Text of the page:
- Associated Press - Friday, January 7, 2011

PHILADELPHIA (AP) - DeSean Jackson can score anytime he touches the ball from anywhere on the field.

The problem for the Philadelphia Eagles is they don’t have much success when opponents shut Jackson down. The Eagles were 10-4 in games Jackson played this season. The Pro Bowl wide receiver had just 11 catches for 107 yards and no touchdowns in the four losses.

Guess who the Green Bay Packers (10-6) will focus on stopping when they play Philadelphia (10-6) in an NFC wild-card game on Sunday?

Yes, the Packers have to contain Michael Vick. But he’s the quarterback and there’s no way to keep the ball out of his hands. So, they’ll try to take away Vick’s main target instead.

“He’s a gamebreaker,” Packers cornerback Charles Woodson said of Jackson. “He’s done it his whole career, and he can do it from anywhere on the field. He’s a guy that, if he gets his hands on the ball, he can get it to the end zone from anywhere. He has that type of speed. So, he’ll be a tough challenge for us.”

Jackson finished the season with 47 catches for 1,056 yards and six touchdowns. He led the NFL with an average of 22.5 yards per reception. In Philadelphia’s 10 wins, Jackson averaged 3.6 catches and 94.9 yards.

Vick is quite aware that getting the ball to Jackson is crucial. He’s thrown deep passes to Jackson on the game’s opening play a couple times and connected for big plays. Jackson had an 88-yard scoring catch against Washington on Nov. 15, and a 60-yard reception against Dallas on Dec. 12.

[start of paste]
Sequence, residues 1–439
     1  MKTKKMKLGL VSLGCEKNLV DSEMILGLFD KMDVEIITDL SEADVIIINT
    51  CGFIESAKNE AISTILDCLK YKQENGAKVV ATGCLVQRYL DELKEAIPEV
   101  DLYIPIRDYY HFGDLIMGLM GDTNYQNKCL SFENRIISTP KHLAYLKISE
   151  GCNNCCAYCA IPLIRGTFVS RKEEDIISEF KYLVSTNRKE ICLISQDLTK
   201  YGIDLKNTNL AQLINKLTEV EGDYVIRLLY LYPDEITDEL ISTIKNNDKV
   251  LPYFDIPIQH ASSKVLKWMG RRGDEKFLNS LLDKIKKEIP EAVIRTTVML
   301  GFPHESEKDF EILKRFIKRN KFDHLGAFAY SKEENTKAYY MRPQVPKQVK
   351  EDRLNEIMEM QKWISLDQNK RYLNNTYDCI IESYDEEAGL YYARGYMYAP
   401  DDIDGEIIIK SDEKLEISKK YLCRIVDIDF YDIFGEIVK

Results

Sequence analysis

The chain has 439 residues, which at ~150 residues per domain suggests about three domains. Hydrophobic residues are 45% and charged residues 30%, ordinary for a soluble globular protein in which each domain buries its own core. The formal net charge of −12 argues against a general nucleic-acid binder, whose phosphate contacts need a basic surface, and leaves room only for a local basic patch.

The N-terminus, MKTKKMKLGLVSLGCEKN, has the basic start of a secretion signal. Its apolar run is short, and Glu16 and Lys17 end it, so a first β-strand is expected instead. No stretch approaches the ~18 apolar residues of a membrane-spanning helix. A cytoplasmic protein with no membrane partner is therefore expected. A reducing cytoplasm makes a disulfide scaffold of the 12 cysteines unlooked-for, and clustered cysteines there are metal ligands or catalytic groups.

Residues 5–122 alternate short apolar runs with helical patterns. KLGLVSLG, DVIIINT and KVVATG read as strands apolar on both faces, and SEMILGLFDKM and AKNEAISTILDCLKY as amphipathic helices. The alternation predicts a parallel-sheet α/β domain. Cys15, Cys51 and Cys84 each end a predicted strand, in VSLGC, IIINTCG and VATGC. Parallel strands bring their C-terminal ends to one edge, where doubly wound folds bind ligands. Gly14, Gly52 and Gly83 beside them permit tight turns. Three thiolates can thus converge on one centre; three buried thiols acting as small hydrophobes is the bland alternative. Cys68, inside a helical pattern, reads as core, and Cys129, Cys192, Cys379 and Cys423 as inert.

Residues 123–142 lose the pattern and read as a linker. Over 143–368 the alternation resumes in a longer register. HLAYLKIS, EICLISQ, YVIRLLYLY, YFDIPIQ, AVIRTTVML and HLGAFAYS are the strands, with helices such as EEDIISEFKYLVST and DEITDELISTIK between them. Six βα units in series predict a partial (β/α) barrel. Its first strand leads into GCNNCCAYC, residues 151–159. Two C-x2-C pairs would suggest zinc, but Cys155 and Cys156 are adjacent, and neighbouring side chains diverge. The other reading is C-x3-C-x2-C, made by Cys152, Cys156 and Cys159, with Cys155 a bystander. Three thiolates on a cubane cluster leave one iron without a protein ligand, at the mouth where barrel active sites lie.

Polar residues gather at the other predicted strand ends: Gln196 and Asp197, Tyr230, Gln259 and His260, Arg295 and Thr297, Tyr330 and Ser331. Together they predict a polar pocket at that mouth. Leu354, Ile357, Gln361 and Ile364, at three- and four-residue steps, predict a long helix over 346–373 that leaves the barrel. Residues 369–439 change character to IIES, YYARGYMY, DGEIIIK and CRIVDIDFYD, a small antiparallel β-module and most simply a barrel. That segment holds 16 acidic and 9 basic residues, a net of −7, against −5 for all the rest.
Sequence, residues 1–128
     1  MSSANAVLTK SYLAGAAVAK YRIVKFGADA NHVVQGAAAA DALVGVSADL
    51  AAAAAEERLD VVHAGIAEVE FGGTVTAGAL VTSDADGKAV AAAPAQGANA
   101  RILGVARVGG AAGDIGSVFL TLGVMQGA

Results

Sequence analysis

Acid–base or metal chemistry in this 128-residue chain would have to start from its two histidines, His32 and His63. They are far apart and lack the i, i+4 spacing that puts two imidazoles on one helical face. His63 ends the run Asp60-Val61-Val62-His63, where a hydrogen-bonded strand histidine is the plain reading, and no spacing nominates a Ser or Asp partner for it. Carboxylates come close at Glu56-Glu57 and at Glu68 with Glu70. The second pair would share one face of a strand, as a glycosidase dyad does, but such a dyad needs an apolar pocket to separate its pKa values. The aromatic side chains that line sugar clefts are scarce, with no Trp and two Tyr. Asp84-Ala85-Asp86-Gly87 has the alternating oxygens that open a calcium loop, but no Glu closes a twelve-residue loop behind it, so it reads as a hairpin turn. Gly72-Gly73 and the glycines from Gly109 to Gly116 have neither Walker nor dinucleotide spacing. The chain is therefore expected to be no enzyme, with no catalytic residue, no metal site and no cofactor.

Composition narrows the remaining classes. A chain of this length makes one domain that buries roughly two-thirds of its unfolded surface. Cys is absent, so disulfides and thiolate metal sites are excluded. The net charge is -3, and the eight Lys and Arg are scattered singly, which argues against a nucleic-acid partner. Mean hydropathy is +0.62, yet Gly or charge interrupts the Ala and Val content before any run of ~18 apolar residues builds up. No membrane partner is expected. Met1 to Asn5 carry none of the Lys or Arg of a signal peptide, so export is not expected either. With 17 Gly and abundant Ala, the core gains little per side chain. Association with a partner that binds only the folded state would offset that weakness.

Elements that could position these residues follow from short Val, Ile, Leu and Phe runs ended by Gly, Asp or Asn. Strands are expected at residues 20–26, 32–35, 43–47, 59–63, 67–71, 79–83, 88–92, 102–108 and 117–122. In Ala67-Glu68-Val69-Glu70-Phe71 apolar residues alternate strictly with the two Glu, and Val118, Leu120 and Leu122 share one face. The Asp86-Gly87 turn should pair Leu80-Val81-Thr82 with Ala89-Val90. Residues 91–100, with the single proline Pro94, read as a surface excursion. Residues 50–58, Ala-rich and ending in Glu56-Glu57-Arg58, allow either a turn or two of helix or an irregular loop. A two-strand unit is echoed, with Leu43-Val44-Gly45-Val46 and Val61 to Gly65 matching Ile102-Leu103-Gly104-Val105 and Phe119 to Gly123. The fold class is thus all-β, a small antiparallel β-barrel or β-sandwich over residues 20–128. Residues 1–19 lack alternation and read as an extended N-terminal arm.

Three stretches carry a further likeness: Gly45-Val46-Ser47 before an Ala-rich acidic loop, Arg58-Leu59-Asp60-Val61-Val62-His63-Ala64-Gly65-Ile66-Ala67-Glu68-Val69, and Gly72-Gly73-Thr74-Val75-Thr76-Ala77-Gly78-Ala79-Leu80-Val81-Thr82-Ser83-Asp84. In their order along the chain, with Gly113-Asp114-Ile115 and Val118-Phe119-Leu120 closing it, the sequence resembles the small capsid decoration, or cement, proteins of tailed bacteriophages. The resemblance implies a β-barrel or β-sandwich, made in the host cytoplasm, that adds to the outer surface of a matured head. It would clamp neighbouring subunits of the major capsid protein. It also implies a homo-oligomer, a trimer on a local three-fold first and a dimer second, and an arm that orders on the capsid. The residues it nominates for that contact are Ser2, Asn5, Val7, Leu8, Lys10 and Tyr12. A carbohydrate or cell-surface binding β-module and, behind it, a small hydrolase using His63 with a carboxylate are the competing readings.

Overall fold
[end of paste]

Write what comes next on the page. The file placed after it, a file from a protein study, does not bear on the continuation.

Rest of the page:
“When he’s involved in the game, our chances go up of scoring more points and moving the ball down the field, so you’ve got to get the ball into his hands,” Vick said. “If the defense does a good job of taking him away, then we’ve got to find other ways to get it done.”

There were times Vick and Jackson just missed. Sometimes a wide-open Jackson ends up waving his arms for the ball, but Vick doesn’t have time to throw or simply misfires. Sometimes Jackson cuts a route short or doesn’t make an adjustment and Vick has to set the young receiver straight.

“They all always feel like they’re open,” Vick said of wide receivers. “They all want the ball. They work hard. Watching practice, it’s like they’re on the track team. You want to reward those guys.

“It’s tough. One thing you can’t do in this league is force the ball to anybody. You’ll have balls all over the place, you’ll have incomplete passes, you’ll have interceptions obviously, so you’ve just got to play within the system and let the coaches put the plays together that get him the ball. And that’s what we do a good job of here.”

Jackson _ generously listed at 5-foot-10 and 175 pounds _ is one of the smaller players in the league. He’s sustained two concussions in the past two seasons, and it’s not uncommon to see him shy away from hits or the middle of the field.

In a 31-26 loss at Chicago on Nov. 28, Jackson short-armed a pass in traffic on what should’ve been a touchdown. It ended up being a costly non-catch. Jackson got an earful from coach Andy Reid after the game, and sat quietly at his locker for a while afterward.

Vick took charge, telling reporters he would make sure Jackson was in the right frame of mind and then giving him a pep talk. In Philadelphia’s next game, Vick hit Jackson for a 30-yard gain on the first play.

“It’s really not about me, man,” Jackson said. “We’ve just got to play team ball. It can’t be individual ball. Everybody has to play as a whole. We need all 11 guys out there playing together as one. As long as we can do that, as you could see in the past, it’s really hard for us to be stopped. As long as everybody’s on the same path to go out there and do what we want to do, I think we’ll be all right.”

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